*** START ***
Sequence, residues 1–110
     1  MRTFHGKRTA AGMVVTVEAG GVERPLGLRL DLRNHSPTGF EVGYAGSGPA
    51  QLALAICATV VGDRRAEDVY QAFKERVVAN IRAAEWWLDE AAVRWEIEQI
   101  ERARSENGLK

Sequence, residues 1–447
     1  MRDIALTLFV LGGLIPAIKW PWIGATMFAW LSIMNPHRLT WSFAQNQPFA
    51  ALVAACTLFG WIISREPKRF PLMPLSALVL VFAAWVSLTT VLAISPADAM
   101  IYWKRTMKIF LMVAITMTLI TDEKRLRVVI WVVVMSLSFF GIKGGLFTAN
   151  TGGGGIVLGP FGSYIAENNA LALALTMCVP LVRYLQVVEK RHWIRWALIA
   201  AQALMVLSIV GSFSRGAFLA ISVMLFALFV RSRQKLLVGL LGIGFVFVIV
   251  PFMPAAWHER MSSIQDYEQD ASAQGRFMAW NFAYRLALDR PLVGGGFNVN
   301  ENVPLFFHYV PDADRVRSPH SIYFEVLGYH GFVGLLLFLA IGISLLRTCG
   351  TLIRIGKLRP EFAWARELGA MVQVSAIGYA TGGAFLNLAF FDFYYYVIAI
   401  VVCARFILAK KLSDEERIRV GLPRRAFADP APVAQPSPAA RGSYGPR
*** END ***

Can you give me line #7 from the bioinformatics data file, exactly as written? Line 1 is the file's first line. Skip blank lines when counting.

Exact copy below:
    51  ALVAACTLFG WIISREPKRF PLMPLSALVL VFAAWVSLTT VLAISPADAM